Motion Pictures Cinematographer. For over 50 years he was one of Hollywood's most accomplished cameramen. As MGM's leading director of photography from 1930 to 1953, Rosson helped define the glossy, glamorous look of that studio's films. His style was noted for its subtle contrasts, imaginative lighting, and rich textures, and was equally brilliant in black and white and color. He shared a special Academy Award for his pioneering Technicolor work in "The Garden of Allah" (1936), and received Oscar nominations for "The Wizard of Oz" (1939), "Boom Town" (1940), "Thirty Seconds Over Tokyo" (1944), "The Asphalt Jungle" (1950), and "The Bad Seed" (1956). Rosson was born in Genaseo, New York, the younger brother of director Arthur Rosson and actor-director Richard Rosson, and the older brother of actress Helene Rosson. Around 1909 his siblings brought him to the Vitagraph studio as an extra and he held various minor positions before becoming a cinematographer at Metro in 1916. In the 1920s he perfected his craft at Paramount, where he collaborated with such directors as Allan Dwan, Victor Fleming, and Josef von Sternberg. During his long tenure at MGM Rosson was frequently loaned out to other companies and he spent a year in England working for producer Alexander Korda. His classic credits include "The Docks of New York" (1928), "Tarzan the Ape Man" (1932), "Red Dust" (1932), "Treasure Island" (1934), "The Scarlet Pimpernel" (1935), "Captains Courageous" (1937), "Duel in the Sun" (co-photography, 1947), "On the Town" (1949), "Singin' in the Rain" (1952), and "The Enemy Below" (1957). Rosson was married three times. His second wife (from 1933 to 1935) was MGM star Jean Harlow, who later accused him of "mental cruelty" for reading in bed. He retired in 1958 but came back at the request of director Howard Hawks to shoot "El Dorado" (1967). Rosson lived out his remaining years at his home in Palm Beach, Florida, where he died at 93.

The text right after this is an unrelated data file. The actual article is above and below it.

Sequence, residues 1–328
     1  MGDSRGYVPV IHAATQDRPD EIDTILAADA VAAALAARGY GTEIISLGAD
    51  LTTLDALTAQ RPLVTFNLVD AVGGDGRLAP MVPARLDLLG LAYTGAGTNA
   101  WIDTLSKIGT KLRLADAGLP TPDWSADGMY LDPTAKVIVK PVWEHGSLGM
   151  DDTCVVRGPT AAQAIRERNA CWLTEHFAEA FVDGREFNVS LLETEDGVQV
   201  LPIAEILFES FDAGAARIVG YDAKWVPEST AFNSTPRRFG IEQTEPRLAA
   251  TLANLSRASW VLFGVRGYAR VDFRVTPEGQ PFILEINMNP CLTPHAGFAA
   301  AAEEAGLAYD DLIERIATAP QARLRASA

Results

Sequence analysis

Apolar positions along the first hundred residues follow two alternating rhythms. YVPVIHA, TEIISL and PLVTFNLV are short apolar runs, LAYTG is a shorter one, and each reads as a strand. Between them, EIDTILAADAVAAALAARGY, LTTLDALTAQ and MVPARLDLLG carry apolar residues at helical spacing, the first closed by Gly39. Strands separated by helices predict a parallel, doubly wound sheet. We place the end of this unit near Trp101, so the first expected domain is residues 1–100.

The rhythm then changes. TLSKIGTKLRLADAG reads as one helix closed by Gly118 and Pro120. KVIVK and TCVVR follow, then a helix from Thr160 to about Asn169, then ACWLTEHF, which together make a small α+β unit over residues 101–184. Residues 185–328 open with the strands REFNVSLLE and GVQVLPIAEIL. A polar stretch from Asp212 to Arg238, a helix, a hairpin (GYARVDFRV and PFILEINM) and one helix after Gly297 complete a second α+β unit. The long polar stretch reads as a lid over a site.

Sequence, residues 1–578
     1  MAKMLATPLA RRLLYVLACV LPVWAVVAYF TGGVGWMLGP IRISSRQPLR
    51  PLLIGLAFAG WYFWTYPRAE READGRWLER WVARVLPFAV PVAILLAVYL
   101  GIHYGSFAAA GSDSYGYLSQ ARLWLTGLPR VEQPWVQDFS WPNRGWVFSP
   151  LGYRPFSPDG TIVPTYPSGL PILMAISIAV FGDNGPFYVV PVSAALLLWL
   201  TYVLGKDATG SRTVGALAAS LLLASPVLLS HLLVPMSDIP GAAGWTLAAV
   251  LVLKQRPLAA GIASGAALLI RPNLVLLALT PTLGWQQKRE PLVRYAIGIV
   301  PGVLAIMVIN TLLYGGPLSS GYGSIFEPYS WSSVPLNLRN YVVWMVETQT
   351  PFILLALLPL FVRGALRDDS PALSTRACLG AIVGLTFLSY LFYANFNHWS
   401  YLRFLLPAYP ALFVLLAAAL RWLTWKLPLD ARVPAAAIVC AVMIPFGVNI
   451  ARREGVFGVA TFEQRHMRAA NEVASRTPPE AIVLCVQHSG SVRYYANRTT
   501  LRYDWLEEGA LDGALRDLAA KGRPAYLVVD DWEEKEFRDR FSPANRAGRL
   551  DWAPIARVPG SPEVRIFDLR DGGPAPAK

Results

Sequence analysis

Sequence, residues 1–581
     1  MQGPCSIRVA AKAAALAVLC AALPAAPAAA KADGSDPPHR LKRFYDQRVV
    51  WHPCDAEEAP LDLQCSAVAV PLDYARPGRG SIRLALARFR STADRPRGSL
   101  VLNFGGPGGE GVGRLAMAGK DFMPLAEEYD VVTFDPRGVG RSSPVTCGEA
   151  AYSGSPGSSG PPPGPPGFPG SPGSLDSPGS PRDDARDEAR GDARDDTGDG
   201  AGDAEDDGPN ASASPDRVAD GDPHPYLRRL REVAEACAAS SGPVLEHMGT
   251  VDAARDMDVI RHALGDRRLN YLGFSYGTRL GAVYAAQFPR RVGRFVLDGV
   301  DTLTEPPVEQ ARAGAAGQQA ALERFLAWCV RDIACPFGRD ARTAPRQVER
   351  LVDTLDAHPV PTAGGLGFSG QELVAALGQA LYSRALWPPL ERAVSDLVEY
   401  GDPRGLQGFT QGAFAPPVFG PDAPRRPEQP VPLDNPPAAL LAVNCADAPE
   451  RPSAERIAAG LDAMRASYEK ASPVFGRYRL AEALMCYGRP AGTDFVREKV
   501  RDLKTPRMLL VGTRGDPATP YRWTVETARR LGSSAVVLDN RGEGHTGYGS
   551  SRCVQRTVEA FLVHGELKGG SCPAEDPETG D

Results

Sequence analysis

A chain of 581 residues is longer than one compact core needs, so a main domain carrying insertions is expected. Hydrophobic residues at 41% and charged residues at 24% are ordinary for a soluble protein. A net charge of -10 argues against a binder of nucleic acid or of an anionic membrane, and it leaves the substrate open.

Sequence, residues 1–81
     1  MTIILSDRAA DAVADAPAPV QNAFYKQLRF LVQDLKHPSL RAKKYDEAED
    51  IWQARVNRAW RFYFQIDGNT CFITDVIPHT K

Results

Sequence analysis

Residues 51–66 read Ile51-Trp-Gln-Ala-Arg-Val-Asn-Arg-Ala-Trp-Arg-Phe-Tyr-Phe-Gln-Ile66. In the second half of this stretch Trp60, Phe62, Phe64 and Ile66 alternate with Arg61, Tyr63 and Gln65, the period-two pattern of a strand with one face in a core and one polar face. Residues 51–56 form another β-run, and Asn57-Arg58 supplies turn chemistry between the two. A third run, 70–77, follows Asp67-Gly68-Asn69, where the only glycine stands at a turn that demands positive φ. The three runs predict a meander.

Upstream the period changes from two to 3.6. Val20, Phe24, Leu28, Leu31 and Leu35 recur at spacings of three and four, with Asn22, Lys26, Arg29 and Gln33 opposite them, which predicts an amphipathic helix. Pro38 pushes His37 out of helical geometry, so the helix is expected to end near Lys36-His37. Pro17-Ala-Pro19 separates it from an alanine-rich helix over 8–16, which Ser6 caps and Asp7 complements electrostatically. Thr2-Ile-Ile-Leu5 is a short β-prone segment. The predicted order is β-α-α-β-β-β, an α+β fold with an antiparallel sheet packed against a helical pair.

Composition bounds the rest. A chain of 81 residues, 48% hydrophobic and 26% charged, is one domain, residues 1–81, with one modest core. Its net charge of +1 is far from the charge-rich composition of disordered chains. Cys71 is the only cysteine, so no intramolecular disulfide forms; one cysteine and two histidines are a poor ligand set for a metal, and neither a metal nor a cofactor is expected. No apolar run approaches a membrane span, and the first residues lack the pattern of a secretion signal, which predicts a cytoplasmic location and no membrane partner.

Bio by: Bobb Edwards